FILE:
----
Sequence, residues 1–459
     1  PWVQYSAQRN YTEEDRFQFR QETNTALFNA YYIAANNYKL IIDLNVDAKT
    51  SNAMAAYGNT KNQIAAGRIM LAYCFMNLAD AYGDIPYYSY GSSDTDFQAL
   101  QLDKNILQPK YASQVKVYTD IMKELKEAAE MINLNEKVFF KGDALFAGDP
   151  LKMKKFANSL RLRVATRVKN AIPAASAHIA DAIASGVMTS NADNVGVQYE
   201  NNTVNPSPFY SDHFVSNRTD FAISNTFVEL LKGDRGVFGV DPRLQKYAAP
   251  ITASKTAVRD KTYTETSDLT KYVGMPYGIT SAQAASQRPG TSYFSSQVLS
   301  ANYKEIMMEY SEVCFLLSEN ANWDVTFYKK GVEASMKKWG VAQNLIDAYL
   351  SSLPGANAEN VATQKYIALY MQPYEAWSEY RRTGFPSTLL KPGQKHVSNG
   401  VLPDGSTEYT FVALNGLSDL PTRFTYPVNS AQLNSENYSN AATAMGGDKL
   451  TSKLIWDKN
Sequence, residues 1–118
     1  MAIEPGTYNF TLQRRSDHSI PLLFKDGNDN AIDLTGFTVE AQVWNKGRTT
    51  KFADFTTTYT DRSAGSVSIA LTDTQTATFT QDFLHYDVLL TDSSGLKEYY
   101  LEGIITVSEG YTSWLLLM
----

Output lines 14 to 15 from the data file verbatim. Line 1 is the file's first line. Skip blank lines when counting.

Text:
    51  KFADFTTTYT DRSAGSVSIA LTDTQTATFT QDFLHYDVLL TDSSGLKEYY
   101  LEGIITVSEG YTSWLLLM